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Ultimaker reliability/consistency

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Posted · Ultimaker reliability/consistency

Looking for some guidance/feedback from everyone. I want to pull the trigger and buy an Ultimaker but want to know what to expect with regards to how glitchy or reliable it will be. Comparatively, I use a Stratasys machine at work and it's very reliable and consistent. I guess my basic question is how the Ultimaker would compare. I like everything about the specs on the Ultimaker but after reading through the troubleshooting section it scared me off a bit. How tempermental will this machine be once I get it set up and calibrated?

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Posted · Ultimaker reliability/consistency

in all honesty, if you've used a Stratasys then this is worlds apart. this is a machine for engineers, not people who want trouble free awesome printing experiences.

sorry UM but it's true at least for now.

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Posted · Ultimaker reliability/consistency

Personal experience, It took me a bit of work to get it running initially. More work then you would expect from a fully commercial machine, but the amount of work I would expect from a kit.

Now my machine is buzzing along nicely, with a pretty high printing success rate. I did have a 10 hour print detaching itself from the bed after 7 hours yesterday, which was a bit of a shame! But I printed 2 days straight at different location before that, with only 1 failed print.

I have never used a stratasys, but I expect it requires less fiddling initially. Kinda "you get what you pay for" I think.

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Posted · Ultimaker reliability/consistency

I do expect it will not be as easy as the Stratasys to run, but as Daid pointed out, this also doesn't cost $180k. I guess I was wondering how much time to expect building versus managing the machine. Basically I want a printer and not a project. I don't mind a few weeks of assembly and tweaking but would like it to keep the success rate at least above 90% after that. I was also looking at Cubify but there are clear disadvantages to that system (plug and play is it's main or only advantage over Ultimaker).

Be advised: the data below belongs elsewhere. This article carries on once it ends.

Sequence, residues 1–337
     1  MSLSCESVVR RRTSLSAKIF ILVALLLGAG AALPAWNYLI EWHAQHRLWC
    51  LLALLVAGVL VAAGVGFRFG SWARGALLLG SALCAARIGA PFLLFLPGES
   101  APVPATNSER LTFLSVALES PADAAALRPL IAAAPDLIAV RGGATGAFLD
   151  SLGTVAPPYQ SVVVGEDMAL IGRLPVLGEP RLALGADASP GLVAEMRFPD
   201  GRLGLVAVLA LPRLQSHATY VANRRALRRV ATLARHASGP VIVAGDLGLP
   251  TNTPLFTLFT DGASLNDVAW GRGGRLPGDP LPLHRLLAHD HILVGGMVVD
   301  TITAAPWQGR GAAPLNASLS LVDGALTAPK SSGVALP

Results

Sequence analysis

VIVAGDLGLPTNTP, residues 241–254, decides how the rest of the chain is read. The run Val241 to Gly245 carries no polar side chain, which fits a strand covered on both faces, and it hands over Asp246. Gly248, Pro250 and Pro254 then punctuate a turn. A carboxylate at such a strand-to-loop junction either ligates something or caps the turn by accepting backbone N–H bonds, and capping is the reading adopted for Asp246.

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Posted · Ultimaker reliability/consistency

I think you can compare the Ultimaker to the early computers, where people did functional stuff with them, but where also tinkering a lot.

I'm using my Ultimaker purely for fun. However I do know some people that do workshops with them. It's good to have contacts like this, because in case it breaks down, you can borrow other machines. And have more knowledge around to fix it.

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Posted · Ultimaker reliability/consistency

All, just FYI... I found out that Cubify from 3D systems had a demo booth at my local mall in Charlotte so I went down there to check it out. Not a bad system for the user friendly crowd, but... any part that had a flat bottom you could visually see warpage. It was enough to me that any part would be too far out of tolerance to be practical. I know that the Cubify uses ABS with a heated platform and Ultimaker does not.

Does PLA give you warped parts on the Ultimaker or is it more dimensionally stable?

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Posted · Ultimaker reliability/consistency

I would say that if you are used to dealing with commercial RPT machines, an ultimaker kit is probably not going to be the thing for you.

There are all kinds of little issues to go through:

1) The standard machine "works", in the same way that getting to the bottom of the stairs by falling works.

If you want it to be reliable you will need to replace the extruder with the Bertho system, and fit proper cooling

to the steppers, probably fit forced cooling to the printhead (personally I think its a good idea regardless of which printhead you have), fit belt tensioners that work and so on. It took me 1 month of evenings after I bought mine to get it really running smoothly (and I am a professional mechanical engineer).

2) None of the currently available software packages will do everything you want. CURA cannot handle big STL files

(well not for me!), unless you want to make cookie cutters Skinforge takes far too long to slice, NetFabb doesnt

have retraction working....and so on.

I bought an Ultimaker 3D printer to learn about 3D printing (and also to make prototypes at home).

So I would say that if you are interested to learn a bit, and fit some upgrades youself, and to be happy to

spend a while messing around with software settings...then you can be very happy with an Ultimaker.

If you want something that works out the box, has full software support and is supplied with everything configured

to print properly....you either need a commercial printer or a different kit. I do not know what the standard

of the MAKERBOT machine is so cannot comment on it.

Regards

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Posted · Ultimaker reliability/consistency
The standard machine "works", in the same way that getting to the bottom of the stairs by falling works.

lol, you forgot the part about fixing your broken arm yourself.

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